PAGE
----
What effect does the author's use of direct quotation ("champion of the world" in chapter 19) have on her narrative in I Know Why the Caged Bird Sings?

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Maya Angelou quotes the radio announcer in order to take readers back to the significant moment in Maya's life and history when African American boxer Joe Louis defeated Max Schmeling and remained heavyweight champion in 1938. By including radio quotes, readers are reminded of how radio technology connected the entire world to this match. Readers imagine the announcer's voice through sentences paced in a way that furthers the suspense:

Here's the referee. He's counting. One, two, three, four, five, six, seven . . . Is the contender trying to get up again?

By providing play-by-play details, readers become part of the scene. They can visualize young Maya and everyone in the store listening raptly to the announcer's words. The announcer's words are spelled phonetically, allowing readers to imagine his accent and establishing a clearer picture of the scene:

The winnah, and still heavyweight champeen of the world . . . Joe Louis.

Joe Louis was celebrated by all American people and became a hero among the country's black population. Facing poverty during the Depression and the era of the Jim Crow laws, this was perceived as a monumental victory for African Americans.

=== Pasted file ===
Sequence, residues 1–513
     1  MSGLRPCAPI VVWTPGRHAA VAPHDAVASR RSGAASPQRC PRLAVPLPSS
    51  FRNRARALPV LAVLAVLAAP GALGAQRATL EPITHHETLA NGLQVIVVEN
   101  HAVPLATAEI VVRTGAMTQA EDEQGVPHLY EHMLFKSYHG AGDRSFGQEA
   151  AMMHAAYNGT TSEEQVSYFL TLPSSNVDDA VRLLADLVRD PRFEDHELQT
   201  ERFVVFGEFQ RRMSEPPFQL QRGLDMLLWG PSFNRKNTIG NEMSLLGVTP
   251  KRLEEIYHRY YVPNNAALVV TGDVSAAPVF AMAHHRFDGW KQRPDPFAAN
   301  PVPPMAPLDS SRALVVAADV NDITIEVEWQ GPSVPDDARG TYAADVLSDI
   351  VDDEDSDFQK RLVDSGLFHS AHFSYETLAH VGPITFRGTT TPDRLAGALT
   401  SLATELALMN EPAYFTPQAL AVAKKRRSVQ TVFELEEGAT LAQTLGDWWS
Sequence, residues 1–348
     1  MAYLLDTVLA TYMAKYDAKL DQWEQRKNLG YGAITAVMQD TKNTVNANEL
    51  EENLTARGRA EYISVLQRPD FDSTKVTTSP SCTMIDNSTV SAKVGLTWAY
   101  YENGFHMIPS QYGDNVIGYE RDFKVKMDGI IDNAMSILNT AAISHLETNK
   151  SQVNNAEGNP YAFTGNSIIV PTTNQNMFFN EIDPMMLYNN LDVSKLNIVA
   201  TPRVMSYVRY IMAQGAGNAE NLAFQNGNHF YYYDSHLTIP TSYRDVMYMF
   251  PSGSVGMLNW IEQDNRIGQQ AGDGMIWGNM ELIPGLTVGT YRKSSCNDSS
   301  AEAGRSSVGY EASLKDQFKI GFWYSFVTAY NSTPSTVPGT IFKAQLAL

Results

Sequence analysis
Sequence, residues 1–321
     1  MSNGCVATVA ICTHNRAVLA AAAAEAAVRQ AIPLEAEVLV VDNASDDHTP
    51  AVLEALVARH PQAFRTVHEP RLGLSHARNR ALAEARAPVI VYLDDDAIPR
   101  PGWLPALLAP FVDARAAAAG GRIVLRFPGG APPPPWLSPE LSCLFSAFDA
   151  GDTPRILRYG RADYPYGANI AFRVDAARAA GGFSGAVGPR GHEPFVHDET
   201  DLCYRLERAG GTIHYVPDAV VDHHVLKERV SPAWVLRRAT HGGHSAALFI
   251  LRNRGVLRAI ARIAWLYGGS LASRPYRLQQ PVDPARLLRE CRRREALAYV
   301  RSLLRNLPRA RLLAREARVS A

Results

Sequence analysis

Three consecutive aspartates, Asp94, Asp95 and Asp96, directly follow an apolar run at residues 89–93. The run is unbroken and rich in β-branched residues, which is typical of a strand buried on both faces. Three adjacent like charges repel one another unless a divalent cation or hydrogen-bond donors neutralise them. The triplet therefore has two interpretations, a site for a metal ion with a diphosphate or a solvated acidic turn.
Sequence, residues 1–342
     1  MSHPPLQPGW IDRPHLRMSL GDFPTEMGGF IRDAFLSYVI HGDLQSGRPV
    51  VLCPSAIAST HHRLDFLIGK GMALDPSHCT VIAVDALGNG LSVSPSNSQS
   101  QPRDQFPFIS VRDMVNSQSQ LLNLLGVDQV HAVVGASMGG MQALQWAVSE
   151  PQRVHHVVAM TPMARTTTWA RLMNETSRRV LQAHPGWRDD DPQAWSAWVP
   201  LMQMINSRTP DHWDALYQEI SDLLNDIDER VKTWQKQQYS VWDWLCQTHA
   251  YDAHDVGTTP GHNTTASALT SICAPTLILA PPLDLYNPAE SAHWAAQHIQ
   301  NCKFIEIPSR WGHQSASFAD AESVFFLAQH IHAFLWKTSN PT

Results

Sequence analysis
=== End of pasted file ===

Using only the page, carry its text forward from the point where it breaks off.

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In Chapter 19, Angelou directly quotes the commentator of the famed boxing match between Joe Louis and Max Schmeling. Historically, this fight was important for two reasons: Louis was a black American, and Schmeling was a white German - in the late 1930s. People saw it as a victory of the USA over the Nazis, and for the African American population, viciously segregated and mistreated, it was a huge step in the (still continuing) dialogue on race in America. 

If, in this scene, Angelou had simply described what happened in the fight and during the listeners' scene, the reader would understand the events. However, by using the direct quotations and integrating descriptions of the sights, smells, and appearances of the rapt audience, the reader becomes a part of the scene. The reader is not learning about what happened - the reader is experiencing the fight with Angelou and her community. 

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